I’m doing a little experiment, which I’ll discuss in a seperate post, to determine how much a very targeted SEO strategy can help impact a site that is basically without content. In contrast, I also have this site (not an experiment), with I plan on providing an abundance of relavant, original content that is focused on, well, nothing in particular. As I said, more on that later.

I’m not saying it doesn’t pay to be smart about SEO and to be aware of the existence of search engines. You would be stupid not to use keywords that are relevant (the important word here is relevant) to your site, and it is probably worth your while to do some research into the most common searches that occur for your target market. But in the end, the free market will determine whether or not your site is successful, not Google. Why? Because not only is your site market driven, but Google is market driven itself!

Maybe I’m a simpleton who isn’t looking at all the angles, but here goes…

How Google’s Market Relates to Your Market

Google’s goal is to provide its customers with relevant search results. The reason Google is the top search engine, and the reason everyone wants a high Google ranking, is that it actually does a good job at achieving this goal. People’s trust in Google to give them what they are looking for was brought about by Google’s ability to sort through the junk and provide relavant results. Google’s continued dominance relies on being smart enough to know which sites deliver relevant content and which sites are simply trying to trick the user into visiting the site in hopes of selling them something they aren’t looking for. If Google fails to perform, someone else will jump in and provide this service.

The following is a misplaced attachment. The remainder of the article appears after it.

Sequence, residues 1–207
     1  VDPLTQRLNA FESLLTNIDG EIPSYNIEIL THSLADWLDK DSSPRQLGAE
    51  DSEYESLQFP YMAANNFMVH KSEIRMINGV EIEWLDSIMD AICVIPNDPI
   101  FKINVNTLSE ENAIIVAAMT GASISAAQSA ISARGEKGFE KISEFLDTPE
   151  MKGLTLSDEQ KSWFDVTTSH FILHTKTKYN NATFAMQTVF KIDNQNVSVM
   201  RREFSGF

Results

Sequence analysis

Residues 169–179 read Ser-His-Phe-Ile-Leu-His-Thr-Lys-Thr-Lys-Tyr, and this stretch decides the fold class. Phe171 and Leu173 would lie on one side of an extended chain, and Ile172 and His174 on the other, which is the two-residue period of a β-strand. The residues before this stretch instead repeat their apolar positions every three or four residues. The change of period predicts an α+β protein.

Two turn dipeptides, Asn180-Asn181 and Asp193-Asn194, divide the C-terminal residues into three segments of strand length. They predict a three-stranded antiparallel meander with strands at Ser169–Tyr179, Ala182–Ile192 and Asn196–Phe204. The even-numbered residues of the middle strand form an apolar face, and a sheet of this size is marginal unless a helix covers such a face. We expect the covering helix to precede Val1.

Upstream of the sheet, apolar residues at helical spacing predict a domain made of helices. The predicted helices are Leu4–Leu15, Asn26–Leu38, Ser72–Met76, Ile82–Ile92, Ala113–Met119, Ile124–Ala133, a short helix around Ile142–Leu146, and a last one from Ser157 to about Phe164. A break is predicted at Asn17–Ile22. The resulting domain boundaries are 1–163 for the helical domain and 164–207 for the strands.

That’s the beauty of the free market–if it is technologically possible, the demand will be met. In fact, the technology actually drives the demand in this case. So Google not only has to worry about providing their users with a quality product right now, but they also have to work to continue to provide a quality product in the future or risk being upended by someone with better technology who does a better job.